The football weight room is pathetic, consisting of three or four weight benches any other school would have thrown out years ago. There is no cover for the foam padding on the benches—padding that is crumbling. And the players’ lockers consist of plastic bins scattered across the floor—easy pickings for anyone who wanted to steal a watch or an i-Pod.

No one visiting the T-building weight room would ever believe that an NFL Super Bowl player once escaped the Desire Housing Project by playing his high school ball here.

Despite these conditions, George Washington Carver made it to the quarter-final round of the state high school football playoffs last year.

But far worse than the deplorable athletic facilities eight years post-Katrina is the fact that incredulous as it may sound, the school has no library.

Let that sink in. There is a public high school in Louisiana today that does not have a library.

Yet John White and Bobby Jindal and BESE President Chas Roemer would have us believe they’re all about education.

Gov. Jindal, Superintendent White, Chas Roemer, BESE member/TFA Director Kira Jones: what say you to the revelation that a public high school has allowed to exist under your watch that has no library? A school comprised exclusively of T-buildings? We’d love to hear your take on this. But please don’t hide behind Kyle Plotkin or your respective public relations sycophants in your response. (Surely is quiet; are those crickets we hear chirping?)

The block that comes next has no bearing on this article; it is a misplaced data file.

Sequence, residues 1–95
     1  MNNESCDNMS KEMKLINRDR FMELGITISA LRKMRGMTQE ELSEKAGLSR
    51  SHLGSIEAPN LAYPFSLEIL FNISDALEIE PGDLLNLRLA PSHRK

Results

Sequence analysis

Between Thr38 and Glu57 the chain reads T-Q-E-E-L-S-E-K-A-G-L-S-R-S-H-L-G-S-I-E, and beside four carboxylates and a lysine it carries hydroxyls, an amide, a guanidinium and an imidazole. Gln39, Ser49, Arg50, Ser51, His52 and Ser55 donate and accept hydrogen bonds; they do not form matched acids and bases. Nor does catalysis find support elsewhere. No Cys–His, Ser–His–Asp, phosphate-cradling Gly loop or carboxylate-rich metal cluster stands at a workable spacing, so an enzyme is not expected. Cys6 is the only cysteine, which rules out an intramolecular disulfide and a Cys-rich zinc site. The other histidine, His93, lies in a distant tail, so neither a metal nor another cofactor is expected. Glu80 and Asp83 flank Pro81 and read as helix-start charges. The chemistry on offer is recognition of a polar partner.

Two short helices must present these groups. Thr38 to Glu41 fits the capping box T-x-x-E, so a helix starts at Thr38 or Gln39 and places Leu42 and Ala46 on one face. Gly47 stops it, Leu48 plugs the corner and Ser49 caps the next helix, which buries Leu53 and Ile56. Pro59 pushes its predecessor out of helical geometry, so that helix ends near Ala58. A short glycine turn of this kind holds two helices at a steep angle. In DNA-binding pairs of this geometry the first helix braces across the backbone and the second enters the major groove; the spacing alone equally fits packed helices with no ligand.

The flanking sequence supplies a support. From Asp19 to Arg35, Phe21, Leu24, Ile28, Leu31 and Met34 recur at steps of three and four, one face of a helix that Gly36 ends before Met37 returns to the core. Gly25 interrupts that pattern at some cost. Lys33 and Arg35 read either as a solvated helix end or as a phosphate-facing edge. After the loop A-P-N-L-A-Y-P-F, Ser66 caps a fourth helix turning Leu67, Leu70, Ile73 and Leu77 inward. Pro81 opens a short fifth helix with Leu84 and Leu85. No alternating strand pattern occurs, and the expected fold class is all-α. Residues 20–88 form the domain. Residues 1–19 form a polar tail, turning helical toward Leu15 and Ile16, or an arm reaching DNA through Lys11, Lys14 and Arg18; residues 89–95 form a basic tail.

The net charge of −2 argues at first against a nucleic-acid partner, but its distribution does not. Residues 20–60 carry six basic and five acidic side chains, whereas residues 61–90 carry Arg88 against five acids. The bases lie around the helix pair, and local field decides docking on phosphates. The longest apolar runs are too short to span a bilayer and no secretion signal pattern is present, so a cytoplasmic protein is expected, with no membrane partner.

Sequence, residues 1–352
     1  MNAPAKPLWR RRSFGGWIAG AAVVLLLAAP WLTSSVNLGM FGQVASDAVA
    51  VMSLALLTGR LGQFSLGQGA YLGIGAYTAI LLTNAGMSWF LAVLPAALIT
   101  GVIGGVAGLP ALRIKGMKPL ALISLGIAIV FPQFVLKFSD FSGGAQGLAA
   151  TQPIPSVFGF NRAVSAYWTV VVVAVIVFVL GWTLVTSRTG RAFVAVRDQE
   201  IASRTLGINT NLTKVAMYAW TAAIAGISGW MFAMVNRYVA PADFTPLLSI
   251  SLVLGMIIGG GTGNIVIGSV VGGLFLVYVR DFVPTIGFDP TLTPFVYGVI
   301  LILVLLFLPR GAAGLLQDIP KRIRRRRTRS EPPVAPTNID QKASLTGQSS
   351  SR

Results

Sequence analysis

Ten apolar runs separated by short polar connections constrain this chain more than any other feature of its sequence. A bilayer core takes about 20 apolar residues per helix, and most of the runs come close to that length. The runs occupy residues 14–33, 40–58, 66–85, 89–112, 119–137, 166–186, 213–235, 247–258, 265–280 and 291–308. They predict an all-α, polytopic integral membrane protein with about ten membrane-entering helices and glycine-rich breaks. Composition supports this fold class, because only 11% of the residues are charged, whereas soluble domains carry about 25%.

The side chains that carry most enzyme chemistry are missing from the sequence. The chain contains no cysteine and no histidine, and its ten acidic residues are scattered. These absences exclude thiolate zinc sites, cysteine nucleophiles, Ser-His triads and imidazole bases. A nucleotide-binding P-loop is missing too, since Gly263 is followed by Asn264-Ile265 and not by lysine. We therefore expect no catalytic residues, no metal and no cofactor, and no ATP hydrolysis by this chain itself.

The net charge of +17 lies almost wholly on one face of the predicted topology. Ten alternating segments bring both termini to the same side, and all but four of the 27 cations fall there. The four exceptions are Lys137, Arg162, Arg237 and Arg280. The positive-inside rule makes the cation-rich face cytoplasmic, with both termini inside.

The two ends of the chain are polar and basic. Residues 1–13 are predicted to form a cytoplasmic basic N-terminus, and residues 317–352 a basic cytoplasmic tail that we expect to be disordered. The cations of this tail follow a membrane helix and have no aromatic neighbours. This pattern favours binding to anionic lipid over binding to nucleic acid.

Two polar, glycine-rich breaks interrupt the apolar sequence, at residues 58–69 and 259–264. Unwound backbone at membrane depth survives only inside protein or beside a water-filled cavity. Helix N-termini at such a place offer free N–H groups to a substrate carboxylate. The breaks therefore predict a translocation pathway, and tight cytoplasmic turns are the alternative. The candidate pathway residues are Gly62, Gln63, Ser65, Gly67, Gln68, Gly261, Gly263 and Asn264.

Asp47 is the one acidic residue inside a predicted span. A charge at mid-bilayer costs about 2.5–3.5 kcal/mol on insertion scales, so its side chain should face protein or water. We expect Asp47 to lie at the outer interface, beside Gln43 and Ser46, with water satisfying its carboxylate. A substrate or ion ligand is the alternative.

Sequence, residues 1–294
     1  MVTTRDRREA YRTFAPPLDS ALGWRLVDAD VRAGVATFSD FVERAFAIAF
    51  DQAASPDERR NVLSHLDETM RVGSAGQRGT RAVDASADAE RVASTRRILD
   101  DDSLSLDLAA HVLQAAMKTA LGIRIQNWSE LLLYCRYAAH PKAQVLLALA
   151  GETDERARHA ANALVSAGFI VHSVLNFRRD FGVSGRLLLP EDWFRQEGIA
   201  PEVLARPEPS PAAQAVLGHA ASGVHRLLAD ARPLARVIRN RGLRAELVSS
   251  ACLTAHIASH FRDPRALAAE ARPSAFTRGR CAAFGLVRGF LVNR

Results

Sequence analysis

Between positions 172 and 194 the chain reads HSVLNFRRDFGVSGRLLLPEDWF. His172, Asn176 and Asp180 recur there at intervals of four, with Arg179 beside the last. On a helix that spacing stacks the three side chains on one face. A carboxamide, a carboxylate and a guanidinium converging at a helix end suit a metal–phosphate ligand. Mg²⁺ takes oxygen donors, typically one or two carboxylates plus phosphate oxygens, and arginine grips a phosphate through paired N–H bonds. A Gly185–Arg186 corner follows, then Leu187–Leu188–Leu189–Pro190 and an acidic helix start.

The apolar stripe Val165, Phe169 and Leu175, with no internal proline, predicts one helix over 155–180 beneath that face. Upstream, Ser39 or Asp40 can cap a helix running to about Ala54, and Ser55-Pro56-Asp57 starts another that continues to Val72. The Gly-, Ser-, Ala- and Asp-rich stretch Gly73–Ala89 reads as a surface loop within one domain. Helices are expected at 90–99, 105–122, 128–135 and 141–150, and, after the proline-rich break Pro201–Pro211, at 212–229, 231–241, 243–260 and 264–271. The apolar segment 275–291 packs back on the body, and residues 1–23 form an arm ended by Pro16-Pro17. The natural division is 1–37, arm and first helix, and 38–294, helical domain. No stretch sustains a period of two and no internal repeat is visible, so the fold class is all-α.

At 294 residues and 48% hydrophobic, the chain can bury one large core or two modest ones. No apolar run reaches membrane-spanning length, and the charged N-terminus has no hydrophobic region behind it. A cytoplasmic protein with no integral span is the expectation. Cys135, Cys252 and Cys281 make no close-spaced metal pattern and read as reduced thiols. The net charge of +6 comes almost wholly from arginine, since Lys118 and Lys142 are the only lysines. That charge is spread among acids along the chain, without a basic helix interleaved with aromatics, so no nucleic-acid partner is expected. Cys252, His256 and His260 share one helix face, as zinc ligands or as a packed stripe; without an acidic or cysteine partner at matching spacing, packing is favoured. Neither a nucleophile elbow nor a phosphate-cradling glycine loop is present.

And so the Walton Family Foundation goes about with its press releases that glorify its generosity on behalf of education.

In truth, the Walton Family Foundation is all about the Waltons. TFA is simply the vehicle by which the Waltons try to put on their civic face. They are probably among the least civic minded of all.

Remember those patriotic television ads of a few years back when Wal-Mart was all about “American made” products? How long has it been since you’ve seen one of those ads? But we do hear about Bangladesh sweat shops collapsing on workers even as they turn out products for Wal-Mart.

And we hear plenty about how Wal-Mart exploits its U.S. workers with low wages and no benefits—all so it can keep corporate earnings up and competition out.